You don't have to read Robert Frost to know. You have to live to know that the difficult path is usually the one less traveled, but it will make all the difference for the future of my country, the security of the Middle East and the peace of the world, the peace we all desire.
Where exactly in his speech does AFP see him calling for an end to talks?
Furthermore, as reported today by AFP's own Jerusalem bureau, Netanyahu again today, upon arriving back in Israel, called for the P5+1 to negotiate a different deal which would condition the lifting of restrictions to the end of Iranian "aggression" ("Netanyahu rejects Obama criticism of Iran speech"):
"I also called on the P5+1 (world powers negotiating a nuclear deal with Iran) to insist on a deal that would link the lifting of those restrictions to Iran's ceasing its sponsorship of terrorism around the world, its aggression against its neighbours and its calls for Israel's destruction," he said on his return to Israel.
March 8 Update: After CAMERA contacted AFP on March 4 about the false claim that Netanyahu had called for an end to talks with Iran, subsequent articles dropped the erroneous wording. The later articles instead reported:
Haaretz Headlines, From Rock-Throwing 'Incidents' to Water-Pouring 'Attacks'
When a Haaretz English edition page-one headline last month referred to the rock-throwing attack which left a toddler permanently, gravely disabled as a "stone-throwing incident," Jerusalem Post Op-Ed editor Seth Frantzman tweeted:
The online headline for the same article was: "Toddler dies two years after stone-throwing incident left her critically injured." (Only the subheadline online refers to the "attack which also left her mother and two sisters wounded." Emphasis added.)
The article itself also adopts the term "incident" to describe the attack which left Adele Biton permanently wounded and which apparently led to her death. It began: "Adele Biton, the 4-year-old who was critically injured in a stone-throwing incident . . ."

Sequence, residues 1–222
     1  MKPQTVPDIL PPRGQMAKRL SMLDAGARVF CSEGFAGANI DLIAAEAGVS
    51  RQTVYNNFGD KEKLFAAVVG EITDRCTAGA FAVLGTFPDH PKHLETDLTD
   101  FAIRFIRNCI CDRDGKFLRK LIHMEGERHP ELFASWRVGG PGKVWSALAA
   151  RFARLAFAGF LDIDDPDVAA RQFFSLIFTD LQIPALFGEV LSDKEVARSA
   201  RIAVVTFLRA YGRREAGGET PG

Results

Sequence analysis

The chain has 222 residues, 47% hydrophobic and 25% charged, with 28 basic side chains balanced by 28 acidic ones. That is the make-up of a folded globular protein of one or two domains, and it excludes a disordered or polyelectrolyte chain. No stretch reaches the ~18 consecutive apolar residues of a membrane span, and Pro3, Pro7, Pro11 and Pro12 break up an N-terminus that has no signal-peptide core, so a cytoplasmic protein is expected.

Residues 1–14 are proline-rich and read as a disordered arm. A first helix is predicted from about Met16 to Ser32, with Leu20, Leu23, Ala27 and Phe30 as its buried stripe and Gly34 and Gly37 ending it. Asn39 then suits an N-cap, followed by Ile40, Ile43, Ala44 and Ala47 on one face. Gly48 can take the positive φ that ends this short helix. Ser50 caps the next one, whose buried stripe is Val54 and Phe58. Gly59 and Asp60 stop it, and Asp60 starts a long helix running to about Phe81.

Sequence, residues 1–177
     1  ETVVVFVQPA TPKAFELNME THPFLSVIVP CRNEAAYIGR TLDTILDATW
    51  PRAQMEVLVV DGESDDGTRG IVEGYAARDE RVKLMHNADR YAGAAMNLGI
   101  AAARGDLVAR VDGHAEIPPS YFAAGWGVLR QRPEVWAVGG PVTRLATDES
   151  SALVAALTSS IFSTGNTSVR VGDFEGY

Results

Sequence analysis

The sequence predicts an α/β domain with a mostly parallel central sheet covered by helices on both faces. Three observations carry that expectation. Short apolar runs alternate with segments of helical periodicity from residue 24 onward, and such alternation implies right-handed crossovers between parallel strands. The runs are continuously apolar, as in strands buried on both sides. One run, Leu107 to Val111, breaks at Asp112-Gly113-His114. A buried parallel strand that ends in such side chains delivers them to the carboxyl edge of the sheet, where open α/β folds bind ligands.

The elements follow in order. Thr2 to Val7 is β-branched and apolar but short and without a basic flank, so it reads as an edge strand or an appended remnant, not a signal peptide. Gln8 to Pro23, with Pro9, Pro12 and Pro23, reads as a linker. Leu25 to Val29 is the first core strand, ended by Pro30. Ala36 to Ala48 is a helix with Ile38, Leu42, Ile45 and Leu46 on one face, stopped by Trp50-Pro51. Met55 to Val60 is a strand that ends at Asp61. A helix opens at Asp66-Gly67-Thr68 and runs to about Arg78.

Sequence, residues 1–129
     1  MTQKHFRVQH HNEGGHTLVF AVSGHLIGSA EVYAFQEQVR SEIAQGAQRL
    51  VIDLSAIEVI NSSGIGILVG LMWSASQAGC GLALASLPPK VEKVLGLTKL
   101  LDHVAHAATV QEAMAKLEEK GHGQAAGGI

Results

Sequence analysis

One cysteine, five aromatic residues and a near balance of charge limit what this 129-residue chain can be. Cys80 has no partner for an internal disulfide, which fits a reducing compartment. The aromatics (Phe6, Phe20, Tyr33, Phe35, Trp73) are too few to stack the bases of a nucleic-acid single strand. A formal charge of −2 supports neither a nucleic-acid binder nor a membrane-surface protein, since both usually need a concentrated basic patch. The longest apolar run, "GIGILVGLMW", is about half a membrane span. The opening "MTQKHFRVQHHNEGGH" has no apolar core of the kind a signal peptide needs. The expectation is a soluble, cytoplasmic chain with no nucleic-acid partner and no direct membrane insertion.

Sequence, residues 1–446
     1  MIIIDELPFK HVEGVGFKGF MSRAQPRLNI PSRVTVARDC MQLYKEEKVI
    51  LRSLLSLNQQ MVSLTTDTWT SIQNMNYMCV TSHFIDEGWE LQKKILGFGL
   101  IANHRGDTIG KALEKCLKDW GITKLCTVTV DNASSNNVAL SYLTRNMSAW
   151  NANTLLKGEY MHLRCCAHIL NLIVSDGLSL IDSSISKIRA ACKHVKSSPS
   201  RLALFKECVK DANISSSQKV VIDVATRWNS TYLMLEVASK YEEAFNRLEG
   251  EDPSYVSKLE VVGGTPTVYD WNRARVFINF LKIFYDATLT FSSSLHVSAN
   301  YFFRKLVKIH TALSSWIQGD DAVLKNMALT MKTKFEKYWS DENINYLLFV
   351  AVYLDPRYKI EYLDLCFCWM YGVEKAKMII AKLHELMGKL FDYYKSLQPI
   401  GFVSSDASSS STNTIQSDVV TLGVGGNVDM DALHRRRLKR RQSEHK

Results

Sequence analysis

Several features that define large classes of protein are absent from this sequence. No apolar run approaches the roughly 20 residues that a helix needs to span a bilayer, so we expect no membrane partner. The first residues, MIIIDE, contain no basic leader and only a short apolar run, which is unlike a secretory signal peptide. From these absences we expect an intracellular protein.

Frantzman's criticism is particularly relevant again in light of the front-page headline in Haaretz's English edition today about an event yesterday in which right-wing protesters dumped a cup of water on the head of MK Haneen Zoabi. The headline is: "MK Haneen Zoabi attacked by right-wingers at political panel." (Emphasis added.)
Likewise, the online headline is "MK Haneen Zoabi attacked at political panel." (Emphasis added.)
Regarding the incident targeting MK Zoabi, the article explained: "Witnesses said supporters of right-wing extremist Baruch Marzel stormed the stage and poured a drink on Zoabi." (The photo caption refers to the drink as water.)
Why is dumping water on someone's head, an act which did not cause any bodily harm, described as an "attack," but the hurling of rocks at a vehicle, which left a little girl permanently, seriously disabled labeled an "incident"?
March 03, 2015
Things to Know About USA Today's "Things to Know" on Iran Talks
There are two important things to know about USA Today's "5 things to know about the U.S.-Iran nuclear talks."
1) The Feb. 28 article, by Oren Dorell, understates the number of Iranian centrifuges to which the Obama administration has agreed. The piece errs:
The U.S. wants the current number of machine -- 19,000 with 10,000 running -- reduced to under 5,000.